Gore Valley Citizens Alliance

Working to protect Vail's Wildlife and Open Space

Tuesday March 2 Vail Town Council to Review Agreement with Triumph Development regarding Middle Creek

On Tuesday, March 2 at 6:00 p.m., there will be a crucial meeting related to our efforts to stop the development of Booth Heights and the destruction of the Gore Valley herd of bighorn sheep.

The Town Vail Council will review the proposed agreement between the Town and Triumph Development regarding the Middle Creek site.

The Middle Creek site was chosen as an alternative to the East Vail property, not an additional site. The Town Council has opened the door to Middle Creek while failing to close the door on Booth Heights.

Meanwhile, the agreement with Triumph regarding Middle Creek - awarded without a competitive bid process - is quite possibly the greatest giveaway in the history of the Town of Vail: the Town pays to displace the Children's Garden of Learning and build the school a new building on Town property; and the Town provides the Middle Creek property free of charge. In exchange, Triumph agrees to build a deed restricted housing project with no stipulations regarding rent control. To top it off, the Town of Vail's Housing Authority will retail a .01% interest in the property, allowing it to be exempt from property tax.

Triumph will not even surrender its rights Booth Heights until such a time as yet another agreement is executed regarding the redevelopment of the Timber Ridge housing project!

Please register to attend the March 2 Town Council meeting at https://www.vailgov.com/town-council and encourage your friends to do so as well

It is crucial that we turn as many people out to the meeting as possible!


The Vail Town Council on December 15 reviewed a request for rezoning what is being referred to as "West Middle Creek" for development.

Gore Valley Citizens Alliance is opposed to making designated open space available for development.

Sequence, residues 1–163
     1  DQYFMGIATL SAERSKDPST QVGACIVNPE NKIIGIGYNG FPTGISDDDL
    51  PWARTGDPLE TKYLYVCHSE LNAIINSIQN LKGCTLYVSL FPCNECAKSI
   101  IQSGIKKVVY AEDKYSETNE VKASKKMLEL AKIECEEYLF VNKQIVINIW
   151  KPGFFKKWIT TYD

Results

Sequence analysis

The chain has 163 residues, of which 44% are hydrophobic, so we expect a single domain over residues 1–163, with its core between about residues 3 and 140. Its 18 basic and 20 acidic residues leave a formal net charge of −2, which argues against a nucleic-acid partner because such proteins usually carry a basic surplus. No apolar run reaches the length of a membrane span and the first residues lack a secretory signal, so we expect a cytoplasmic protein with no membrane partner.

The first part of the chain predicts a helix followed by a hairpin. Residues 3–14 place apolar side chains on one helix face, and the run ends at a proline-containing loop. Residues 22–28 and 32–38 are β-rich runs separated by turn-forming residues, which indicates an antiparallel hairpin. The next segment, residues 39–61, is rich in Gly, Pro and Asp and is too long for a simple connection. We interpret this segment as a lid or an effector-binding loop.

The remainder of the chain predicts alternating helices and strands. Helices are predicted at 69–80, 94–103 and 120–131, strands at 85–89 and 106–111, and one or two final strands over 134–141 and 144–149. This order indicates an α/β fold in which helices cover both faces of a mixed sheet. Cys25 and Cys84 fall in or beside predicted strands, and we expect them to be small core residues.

Tract A - West of Middle Creek, was acquired with Real Estate Transfer Tax funds several decades ago. It is zoned Natural Resource Preservation, the highest level of protection provided by zoning under Vail Town Code.

You may recall that it was in the original rezoning of Booth Heights - rezoning that took place without a required development plan - that was "thin end of the wedge" toward the approval of Booth Heights, which has taken an incredible effort on all our parts to shut down.

Why it Matters

Our community has wisely protected high visibility and sensitive areas as open space, and ensured that every square inch of the Gore Valley is not developed. We established the Real Estate Transfer Tax in order to facilitate open space acquisition. The Town Attorney has opined that the Real Estate Transfer Tax can be repaid and areas made available for development. The problem with that opinion is that there is no open space left to acquire.

Discussions have also been held about the Middle Bench of Donovan Park, another area that was acquired with RETT funds and zoned for open space, and also the 9th fairway of the Vail Golf Course. The pro-development faction seems intent on chipping away at our open space until there is nothing left.

As Diana Donovan put it "We didn't protect these areas for ourselves when we acquired them, we protected these areas for now when everything is developed."


More information regarding the proposal is available here.